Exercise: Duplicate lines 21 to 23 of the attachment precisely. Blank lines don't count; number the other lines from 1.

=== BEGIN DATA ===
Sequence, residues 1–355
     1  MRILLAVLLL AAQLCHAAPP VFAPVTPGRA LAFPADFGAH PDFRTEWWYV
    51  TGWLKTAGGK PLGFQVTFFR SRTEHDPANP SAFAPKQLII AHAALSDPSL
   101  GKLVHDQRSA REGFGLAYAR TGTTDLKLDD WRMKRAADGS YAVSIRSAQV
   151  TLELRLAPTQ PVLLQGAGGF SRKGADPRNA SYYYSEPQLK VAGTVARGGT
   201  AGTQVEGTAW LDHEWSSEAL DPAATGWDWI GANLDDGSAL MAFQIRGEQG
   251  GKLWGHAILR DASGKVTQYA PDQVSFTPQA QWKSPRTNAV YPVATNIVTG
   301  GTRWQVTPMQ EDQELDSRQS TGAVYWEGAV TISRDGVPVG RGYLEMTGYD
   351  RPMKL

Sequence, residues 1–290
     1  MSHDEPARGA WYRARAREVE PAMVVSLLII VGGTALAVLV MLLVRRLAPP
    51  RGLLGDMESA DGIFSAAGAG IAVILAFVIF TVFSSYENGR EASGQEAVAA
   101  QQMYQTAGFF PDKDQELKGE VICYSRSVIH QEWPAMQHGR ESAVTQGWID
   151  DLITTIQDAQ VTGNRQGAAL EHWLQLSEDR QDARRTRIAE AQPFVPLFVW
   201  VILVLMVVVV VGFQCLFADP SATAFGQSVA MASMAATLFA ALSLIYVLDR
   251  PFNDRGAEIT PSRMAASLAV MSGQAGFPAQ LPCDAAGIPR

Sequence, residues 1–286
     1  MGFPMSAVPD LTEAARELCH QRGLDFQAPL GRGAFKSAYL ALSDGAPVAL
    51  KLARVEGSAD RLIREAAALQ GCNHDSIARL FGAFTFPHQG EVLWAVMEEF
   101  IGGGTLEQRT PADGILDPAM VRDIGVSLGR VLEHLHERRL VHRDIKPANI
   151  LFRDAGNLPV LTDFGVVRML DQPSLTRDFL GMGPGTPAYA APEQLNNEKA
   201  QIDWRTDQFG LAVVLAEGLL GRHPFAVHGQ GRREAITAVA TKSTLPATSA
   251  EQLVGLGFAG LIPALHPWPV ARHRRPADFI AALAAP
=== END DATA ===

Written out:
   151  LFRDAGNLPV LTDFGVVRML DQPSLTRDFL GMGPGTPAYA APEQLNNEKA
   201  QIDWRTDQFG LAVVLAEGLL GRHPFAVHGQ GRREAITAVA TKSTLPATSA
   251  EQLVGLGFAG LIPALHPWPV ARHRRPADFI AALAAP